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NEURORADIOLOGY

Collateral Status in Ischemic Stroke: A Comparison of Computed Tomography Angiography, Computed Tomography Perfusion, and Digital Subtraction Angiography

Kauw, Frans MD∗,†; Dankbaar, Jan W. MD, PhD; Martin, Blake W. BS; Ding, Victoria Y. MS; Boothroyd, Derek B. PhD; van Ommen, Fasco MS∗,†; de Jong, Hugo W.A.M. PhD; Kappelle, L. Jaap MD, PhD§; Velthuis, Birgitta K. MD, PhD; Heit, Jeremy J. MD, PhD; Wintermark, Max MD

Author Information
Journal of Computer Assisted Tomography: 11/12 2020 - Volume 44 - Issue 6 - p 984-992
doi: 10.1097/RCT.0000000000001090

Abstract

The clinical outcome of acute ischemic stroke (AIS) patients is associated with the grade of collateral filling.1 It is hypothesized that the ischemic process can be slowed down by collateral vessels perfusing the tissue that is still salvageable, which is termed the penumbra.2 In patients who undergo endovascular treatment (EVT), good collateral filling is associated with smaller final infarct volumes and better clinical outcomes than when the collateral filling is poor or absent.2–4

In the past decade, collateral evaluation has gained much interest and multiple grading systems for different imaging modalities have been developed.5,6 Computed tomography angiography is widely used for the evaluation of patients with suspected AIS. It is a fast, relatively inexpensive and noninvasive method for assessing occlusions and potential causes of stroke. A single time frame snapshot (single-phase CTA) of the collateral status can be assessed and used for treatment guidance and predicting patient outcomes. However, a single time frame snapshot may make it difficult to grade collateral circulation in case of delayed contrast arrival.2,7 Multiphase CTA may solve the issues that come with single-phase CTA.8,9 In addition, multiphase CTA has proven to be superior to grading collaterals on single-phase CTA in terms of interobserver agreement, predicting final infarct core volume and predicting functional outcome.8,9 Patients with suspected stroke often undergo both CTA and CT perfusions (CTP). Computed tomography perfusion is the ultimate multiphase CTA study since it typically includes 40 to 50 time frames obtained at a 1- to 3-second temporal resolution and monitors the contrast agent from wash-in to wash-out. Therefore, CTP source images can be used to reconstruct 3-phase CTA, multiphase CTA and temporal maximum-intensity projection (tMIP) images. Digital subtraction angiography (DSA) is a 2D study with high spatial and temporal resolution and high contrast making it the ultimate dynamic study of the cerebral vessels and the reference standard for assessing collateral circulation in AIS patients.10 However, DSA is invasive, relatively costly and time consuming, which is undesirable in the acute stroke setting. Digital subtraction angiography is, therefore, only routinely performed in patients who subsequently undergo EVT.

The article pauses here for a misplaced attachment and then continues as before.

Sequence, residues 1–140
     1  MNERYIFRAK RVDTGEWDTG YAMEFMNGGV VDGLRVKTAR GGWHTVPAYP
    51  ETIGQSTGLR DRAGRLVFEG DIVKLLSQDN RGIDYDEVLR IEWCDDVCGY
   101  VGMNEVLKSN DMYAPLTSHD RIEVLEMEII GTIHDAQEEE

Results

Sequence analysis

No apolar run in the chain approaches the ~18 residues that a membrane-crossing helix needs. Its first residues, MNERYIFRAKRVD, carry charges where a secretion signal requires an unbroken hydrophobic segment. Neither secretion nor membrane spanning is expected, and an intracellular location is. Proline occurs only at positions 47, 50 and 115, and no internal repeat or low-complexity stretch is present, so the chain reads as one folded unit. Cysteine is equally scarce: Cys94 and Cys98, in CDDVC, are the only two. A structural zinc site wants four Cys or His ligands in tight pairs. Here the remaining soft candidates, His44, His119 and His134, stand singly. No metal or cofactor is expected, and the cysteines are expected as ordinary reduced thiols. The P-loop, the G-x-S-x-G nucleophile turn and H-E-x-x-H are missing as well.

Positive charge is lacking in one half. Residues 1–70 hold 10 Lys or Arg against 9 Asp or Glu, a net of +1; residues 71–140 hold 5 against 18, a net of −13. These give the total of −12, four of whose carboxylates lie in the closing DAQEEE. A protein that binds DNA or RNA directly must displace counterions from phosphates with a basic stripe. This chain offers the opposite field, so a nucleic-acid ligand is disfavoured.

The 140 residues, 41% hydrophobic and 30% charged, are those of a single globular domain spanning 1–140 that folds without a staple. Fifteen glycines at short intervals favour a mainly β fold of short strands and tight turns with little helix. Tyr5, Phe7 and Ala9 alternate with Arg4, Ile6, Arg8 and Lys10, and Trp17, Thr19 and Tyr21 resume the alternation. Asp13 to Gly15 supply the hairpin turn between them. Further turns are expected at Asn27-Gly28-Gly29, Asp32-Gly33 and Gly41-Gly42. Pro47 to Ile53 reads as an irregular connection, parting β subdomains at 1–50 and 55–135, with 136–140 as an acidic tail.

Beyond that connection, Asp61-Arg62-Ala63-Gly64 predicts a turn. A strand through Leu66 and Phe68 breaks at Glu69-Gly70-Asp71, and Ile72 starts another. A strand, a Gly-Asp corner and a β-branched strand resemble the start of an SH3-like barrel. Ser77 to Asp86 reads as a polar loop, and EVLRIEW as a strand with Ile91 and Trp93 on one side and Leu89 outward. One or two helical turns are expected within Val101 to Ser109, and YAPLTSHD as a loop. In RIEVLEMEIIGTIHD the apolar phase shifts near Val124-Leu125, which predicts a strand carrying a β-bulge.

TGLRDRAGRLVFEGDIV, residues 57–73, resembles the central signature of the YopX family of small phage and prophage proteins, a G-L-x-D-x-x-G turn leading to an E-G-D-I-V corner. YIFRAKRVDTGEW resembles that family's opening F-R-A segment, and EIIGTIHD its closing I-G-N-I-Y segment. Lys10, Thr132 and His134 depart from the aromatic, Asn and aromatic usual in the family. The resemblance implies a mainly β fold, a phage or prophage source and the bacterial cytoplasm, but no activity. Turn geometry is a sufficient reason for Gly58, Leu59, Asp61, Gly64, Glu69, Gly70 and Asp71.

With regard to collateral assessments, single-phase CTA, CTP-derived 3-phase CTA, multiphase CTA, tMIP images, and DSA have not been compared before.

AIMS